- 2020;23;149-157Pulsed Radiofrequency of the Sacral Roots Improves the Success Rate of Superior Hypogastric Plexus Neurolysis in Controlling Pelvic and Perineal Cancer Pain
Diab Fuad Hetta, MD, Ashraf Amin Mohamed, MD, Rania Mohammed Abdel Eman, MD, Fatma Ahmed Abd El Aal, MD, and Marina Emeel Helal, MD.
BACKGROUND: Superior hypogastric plexus neurolytic (SHP-N) block is the mainstay management for pelvic cancer pain of visceral origin when oral opioids fail due to inefficacy or intolerance to side effects. Unfortunately, SHP-N has the potential to control pelvic pain in 62%-72% of patients at best, because chronic pelvic pain may assume additional characteristics other than visceral.
OBJECTIVE: Combining SHP-N with pulsed radiofrequency (PRF) of the sacral roots might block most of the pain characteristics emanating from the pelvic structures and improve the success rate of SHP-N in controlling pelvic and perineal cancer pain.
STUDY DESIGN: This study was a prospective randomized controlled clinical trial.
SETTINGS: The research took place in the interventional pain unit of a tertiary center in the university hospital.
METHODS: Fifty-eight patients complaining of cancer-related chronic pelvic and perineal pain were randomized to either the PRF + SHP group (n = 29), which received SHP-N combined with PRF of the sacral roots S2-4, or the SHP group (n = 29), which received SHP-N alone. The outcome variables were the percentage of patients who showed a > 50% reduction in their Visual Analog Scale (VAS) pain score, the VAS pain score, and global perceived effect evaluated during a 3-month follow-up period.
RESULTS: The percentage of patients who showed a > 50% reduction in their VAS pain score was significantly higher in the SHP + PRF group compared to the SHP group when assessed at one month (92.9% [n = 26] vs 57.7% [n = 15]; P = .003) and 3 months (85.7% [n = 24) vs 53.8% [n = 14]; P = .01) post procedure, respectively. However, no significant difference was observed between the 2 groups at the 6-month evaluation (SHP + PRF [57.1% (n = 16)] vs SHP [50% (n = 13)]; P = .59). There was a statistically significant reduction of VAS in the SHP + PRF group in comparison to the SHP group at one month (2.8 ± 0.9 vs 3.5 ± 1.2 [mean difference, -0.7 (95% confidence interval [CI], -1.29 to -0.1), P = .01]), 2 months (2.8 ± 0.9 vs 3.5 ± 1.2 [mean difference, -0.64 (95% CI, -1.23 to -0.05), P = .03]), and 3 months (2.7 ± 1 vs 3.4 ± 1.2 [mean difference, -0.67 (95% CI, -1.29 to -0.05)], P = .03]) post procedure, respectively; however, the 2 groups did not significantly differ at 2 weeks, 4, 5, and 6 months post procedure. Regarding postprocedural analgesic consumption, there were trends towards reduced opioid consumption at all postprocedural measured time points in the SHP+PRF group compared to the SHP group; these differences reached statistical significance at 2 months (median, 30 [interquartile range (IQR), 0.00-30] vs median, 45 [IQR, 30-90]; P = .046) and 3 months (median, 0.00 [IQR, 0.00-30] vs median, 30 [IQR, 0.00-67.5]; P = .016) post procedure, respectively.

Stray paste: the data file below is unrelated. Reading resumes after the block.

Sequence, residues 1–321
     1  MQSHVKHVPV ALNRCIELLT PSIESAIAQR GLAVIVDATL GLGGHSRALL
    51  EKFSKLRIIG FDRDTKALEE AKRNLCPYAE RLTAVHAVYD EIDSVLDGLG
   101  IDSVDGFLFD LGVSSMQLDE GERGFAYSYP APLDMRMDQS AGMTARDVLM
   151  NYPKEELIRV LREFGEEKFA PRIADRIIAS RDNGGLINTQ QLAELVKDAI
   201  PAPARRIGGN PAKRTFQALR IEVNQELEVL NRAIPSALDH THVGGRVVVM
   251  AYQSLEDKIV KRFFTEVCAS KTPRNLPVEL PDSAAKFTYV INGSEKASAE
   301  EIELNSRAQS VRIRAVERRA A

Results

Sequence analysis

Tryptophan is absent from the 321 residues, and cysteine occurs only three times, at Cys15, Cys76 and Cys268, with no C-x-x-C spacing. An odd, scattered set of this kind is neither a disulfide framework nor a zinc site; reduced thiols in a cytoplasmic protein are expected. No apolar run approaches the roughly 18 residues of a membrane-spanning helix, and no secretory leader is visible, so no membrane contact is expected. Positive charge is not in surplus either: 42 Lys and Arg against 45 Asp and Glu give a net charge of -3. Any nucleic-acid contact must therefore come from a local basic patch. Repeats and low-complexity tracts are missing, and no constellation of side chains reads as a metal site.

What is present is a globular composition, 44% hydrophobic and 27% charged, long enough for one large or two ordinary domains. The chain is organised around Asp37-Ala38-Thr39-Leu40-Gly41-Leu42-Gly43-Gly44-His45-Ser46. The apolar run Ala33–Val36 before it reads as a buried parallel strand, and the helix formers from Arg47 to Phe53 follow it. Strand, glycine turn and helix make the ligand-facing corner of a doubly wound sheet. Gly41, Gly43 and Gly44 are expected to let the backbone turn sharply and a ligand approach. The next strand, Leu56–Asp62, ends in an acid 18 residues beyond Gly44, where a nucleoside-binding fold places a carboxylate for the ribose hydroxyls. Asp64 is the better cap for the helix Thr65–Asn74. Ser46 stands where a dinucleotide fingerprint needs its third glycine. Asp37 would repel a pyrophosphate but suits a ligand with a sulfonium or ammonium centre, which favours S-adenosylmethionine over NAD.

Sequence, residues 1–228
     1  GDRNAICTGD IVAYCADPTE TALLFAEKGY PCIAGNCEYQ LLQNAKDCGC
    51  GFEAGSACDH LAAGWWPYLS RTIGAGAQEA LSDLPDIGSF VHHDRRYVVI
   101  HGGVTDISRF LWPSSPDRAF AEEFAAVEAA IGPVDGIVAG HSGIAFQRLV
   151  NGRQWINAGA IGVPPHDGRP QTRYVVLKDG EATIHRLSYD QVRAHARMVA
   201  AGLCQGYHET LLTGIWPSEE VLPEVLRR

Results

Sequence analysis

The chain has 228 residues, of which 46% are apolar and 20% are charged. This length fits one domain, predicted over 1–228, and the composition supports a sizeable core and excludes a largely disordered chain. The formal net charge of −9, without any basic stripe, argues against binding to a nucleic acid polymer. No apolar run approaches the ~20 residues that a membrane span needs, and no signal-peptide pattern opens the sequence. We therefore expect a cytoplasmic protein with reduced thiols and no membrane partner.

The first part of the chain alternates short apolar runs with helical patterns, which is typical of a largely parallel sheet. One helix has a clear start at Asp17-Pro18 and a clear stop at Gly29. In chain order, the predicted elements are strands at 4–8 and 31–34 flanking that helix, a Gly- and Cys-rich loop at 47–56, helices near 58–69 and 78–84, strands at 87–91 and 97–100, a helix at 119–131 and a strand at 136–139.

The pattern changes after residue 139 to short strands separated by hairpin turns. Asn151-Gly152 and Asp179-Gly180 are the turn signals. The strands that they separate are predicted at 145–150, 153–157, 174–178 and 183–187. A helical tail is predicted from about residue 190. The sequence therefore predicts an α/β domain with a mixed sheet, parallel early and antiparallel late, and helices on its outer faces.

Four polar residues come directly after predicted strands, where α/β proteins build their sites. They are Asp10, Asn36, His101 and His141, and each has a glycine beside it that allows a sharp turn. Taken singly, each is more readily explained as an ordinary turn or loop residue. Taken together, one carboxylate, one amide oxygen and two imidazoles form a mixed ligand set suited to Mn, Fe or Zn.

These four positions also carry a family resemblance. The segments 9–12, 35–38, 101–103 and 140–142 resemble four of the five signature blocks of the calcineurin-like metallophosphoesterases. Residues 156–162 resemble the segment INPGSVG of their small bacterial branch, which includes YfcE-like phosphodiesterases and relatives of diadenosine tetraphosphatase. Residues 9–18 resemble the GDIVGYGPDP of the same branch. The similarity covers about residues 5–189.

LIMITATIONS: The study follow-up period is limited to 6 months only.
CONCLUSIONS: SHP-N combined with PRF of the sacral roots (S2, 3, 4) provided a better analgesic effect than SHP-N alone for patients with chronic pelvic and perineal pain related to pelvic cancer.
TRIAL REGISTRY: ClinicalTrials.gov. NCT03228316.
KEY WORDS: Pelvic pain, pulsed radiofrequency, sacral roots, superior hypogastric plexus